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Radium Girls, victims of immorality Wednesday, 20 August, 2008

Posted by Farbod in Features.
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Press TV – Radium Girls, victims of immorality.

Mon, 18 Aug 2008 10:36:35 GMT
By Ashkan Kazemian, Press TV, Tehran

Workers at a radium factory.

The Radium Girls may seem a name in forgotten past, but it is worth remembering that the efforts of one woman against her neglectful employers led to the enactment of regulations governing labor safety standards in the US.

Grace Fryer was one of the Radium Girls, the name given to women exposed to radiation at the United States Radium Corporation factory, in Orange, New Jersey, which supplied the US military with glow-in-the-dark watches during World War I. There were also radium plants in Ottawa, Ill.; Waterbury, Conn.; and Long Island, N.Y.

The owners of the factory (and most probably the US Defense Department) were aware of the fatal effects of radium and carefully avoided exposure themselves, while some 70 women, including Fryer, were constantly exposed to radium during their working hours at the factory.

Despite the availability of information on the hazards of radium, it was often seen as a scientific miracle with enormous curative powers. The ‘radium craze’ in America, which began around 1903, familiarized the public with the word ‘radium’.

A radium watch (R) and its most radioactive parts.

“The spectacular properties of this element and its envisioned uses were heralded without restraint in newspapers, magazines and books and by lecturers, poets, novelists, choreographers, bartenders, society matrons, croupiers, physicians and the United States government,” said a historian.

The brushes the factory workers used to paint watch faces with radium would lose shape after a few strokes and the US Radium supervisors encouraged their workers to point the brushes with their lips, or use their tongues to keep them sharp.

“Not to worry,” their bosses told them. “If you swallow any radium, it’ll make your cheeks rosy.”

Many of the women later began to suffer from anemia, bone fractures and necrosis of the jaw. Primitive x-ray cameras bombarded some of the sickened workers with additional radiation when they sought medical attention for the many ailments that ensued. Many of them died between 1922 and 1924. The Radium Girls, like many other factory workers at the time, were expendable.

US Radium not only rejected that their sickness was the result of radium exposure, but it also tried to defame these workers by claiming that syphilis was the cause of their deaths. The company owners also forced doctors not to release the patients’ data.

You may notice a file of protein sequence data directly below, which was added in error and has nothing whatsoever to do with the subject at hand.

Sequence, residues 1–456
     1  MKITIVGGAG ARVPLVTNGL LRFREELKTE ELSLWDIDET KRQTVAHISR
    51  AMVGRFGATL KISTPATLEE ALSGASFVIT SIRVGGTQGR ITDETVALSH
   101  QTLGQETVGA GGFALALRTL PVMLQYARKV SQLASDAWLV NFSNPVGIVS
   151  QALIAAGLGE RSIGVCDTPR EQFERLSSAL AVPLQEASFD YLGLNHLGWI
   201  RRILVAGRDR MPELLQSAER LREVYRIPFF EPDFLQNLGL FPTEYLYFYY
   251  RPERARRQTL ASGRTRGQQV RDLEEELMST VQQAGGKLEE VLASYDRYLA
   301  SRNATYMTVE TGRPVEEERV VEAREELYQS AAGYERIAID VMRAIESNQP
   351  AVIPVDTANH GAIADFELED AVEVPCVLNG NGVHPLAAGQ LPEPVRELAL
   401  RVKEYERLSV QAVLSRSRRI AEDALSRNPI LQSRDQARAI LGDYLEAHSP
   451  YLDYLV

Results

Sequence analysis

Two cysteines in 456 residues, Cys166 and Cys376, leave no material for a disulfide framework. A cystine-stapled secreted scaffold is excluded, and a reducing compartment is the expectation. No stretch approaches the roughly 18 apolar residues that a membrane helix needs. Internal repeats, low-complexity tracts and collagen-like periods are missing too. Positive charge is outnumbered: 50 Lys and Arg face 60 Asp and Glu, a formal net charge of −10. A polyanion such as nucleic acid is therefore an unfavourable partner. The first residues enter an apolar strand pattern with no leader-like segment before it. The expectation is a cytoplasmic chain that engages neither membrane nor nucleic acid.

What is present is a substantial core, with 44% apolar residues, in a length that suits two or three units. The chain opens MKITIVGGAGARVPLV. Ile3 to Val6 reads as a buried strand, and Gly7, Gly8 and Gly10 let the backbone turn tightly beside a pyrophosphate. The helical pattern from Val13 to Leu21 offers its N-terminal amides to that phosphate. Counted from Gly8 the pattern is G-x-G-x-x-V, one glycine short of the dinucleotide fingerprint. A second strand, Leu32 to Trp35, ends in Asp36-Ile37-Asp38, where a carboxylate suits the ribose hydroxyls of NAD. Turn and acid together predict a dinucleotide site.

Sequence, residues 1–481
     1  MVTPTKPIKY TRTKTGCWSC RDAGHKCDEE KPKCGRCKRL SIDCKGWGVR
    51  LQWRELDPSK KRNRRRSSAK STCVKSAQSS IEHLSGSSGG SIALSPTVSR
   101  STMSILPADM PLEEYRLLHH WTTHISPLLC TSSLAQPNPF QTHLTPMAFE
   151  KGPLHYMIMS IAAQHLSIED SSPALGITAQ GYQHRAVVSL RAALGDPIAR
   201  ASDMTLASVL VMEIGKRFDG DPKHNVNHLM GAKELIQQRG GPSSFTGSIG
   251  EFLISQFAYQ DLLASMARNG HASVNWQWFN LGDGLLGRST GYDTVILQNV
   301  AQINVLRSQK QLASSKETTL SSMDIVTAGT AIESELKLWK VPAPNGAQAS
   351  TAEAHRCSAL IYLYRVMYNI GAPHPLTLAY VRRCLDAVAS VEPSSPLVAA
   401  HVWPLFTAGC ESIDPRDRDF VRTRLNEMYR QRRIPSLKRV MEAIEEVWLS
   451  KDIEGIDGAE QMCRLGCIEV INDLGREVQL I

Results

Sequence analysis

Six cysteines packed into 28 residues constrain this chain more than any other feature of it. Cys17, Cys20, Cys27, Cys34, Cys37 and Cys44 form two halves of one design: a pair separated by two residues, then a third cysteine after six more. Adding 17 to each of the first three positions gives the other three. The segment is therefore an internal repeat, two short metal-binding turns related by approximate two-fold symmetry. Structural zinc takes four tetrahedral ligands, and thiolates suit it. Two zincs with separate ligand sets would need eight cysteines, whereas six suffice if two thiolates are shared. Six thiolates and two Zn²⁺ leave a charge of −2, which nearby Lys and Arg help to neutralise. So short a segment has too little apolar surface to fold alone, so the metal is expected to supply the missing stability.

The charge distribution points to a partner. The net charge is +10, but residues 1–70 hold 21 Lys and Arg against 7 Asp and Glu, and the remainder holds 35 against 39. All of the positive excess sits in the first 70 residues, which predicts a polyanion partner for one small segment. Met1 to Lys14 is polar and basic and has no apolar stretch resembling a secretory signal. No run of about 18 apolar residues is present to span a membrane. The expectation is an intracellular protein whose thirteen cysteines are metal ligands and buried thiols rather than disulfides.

“I’m angry because they knew years before she died that she was full of radium. And then they lied,” says a sister of Peg Looney, a radium plant worker in Ottawa whose family later learned that she tested positive for radioactivity in 1925 and again in 1928 — the year before she died.

A severe instance of ‘radium jaw’ from 1924.

Fryer, one of the factory workers who had risked their lives for a penny and a half per dial, decided to embark on the impossible task of suing the factory. It took her two years to find a lawyer, Raymond Berry, who would risk standing against the US Radium.

She was joined by four other factory workers with severe medical problems. They were Edna Hussman, Katherine Schaub, and sisters Quinta McDonald and Albina Larice. Berry was informed that even the mediator, US District Court Judge William Clark was a stockholder in the US Radium Corporation.

Catherine Wolfe Donahue also brought a case against an Ottawa-based radium plant factory to court in Chicago in 1938. Donahue, who was so ill she had to be carried into the courtroom, died that same year, shortly after the company agreed to pay her a few thousand dollars just as the Radium Girls’ case ended in a settlement of $10,000.

Fryer and many other radium plant workers across North America did not live to see the result of their efforts. They died from radium exposure during the course of litigation in the 1920s and 1930s.

The case resulted in the establishment of the right of individual workers to sue for damages from corporations due to labor abuse. The US Congress also passed a bill in 1949 which made all occupational diseases compensable, and extended the time during which workers could discover illnesses and make a claim.

This was all due to the efforts of plant workers who earned a penny and a half for each watch they painted, and whose sad fate was sealed when they dipped their paintbrushes into radium paint and sharpened the bristles with their tongues.

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Comments»

1. C - Sunday, 22 November, 2009

I just saw a play about the Radium Girls. It was sad how they were treated and workers still fight for a safe workplace.

2. Mark Foreman - Thursday, 13 October, 2011

The horrible thing is that radium-226 is a very horrible radioisotope, it may well be worse than most plutonium isotopes.

Radium is a calcium mimic which goes into bones

Radium is an alpha emitter

Radium forms a radioactive alpha emitting gas (radon) which then forms solid alpha emitters which attach to dust and smoke, these can then lodge in the lungs


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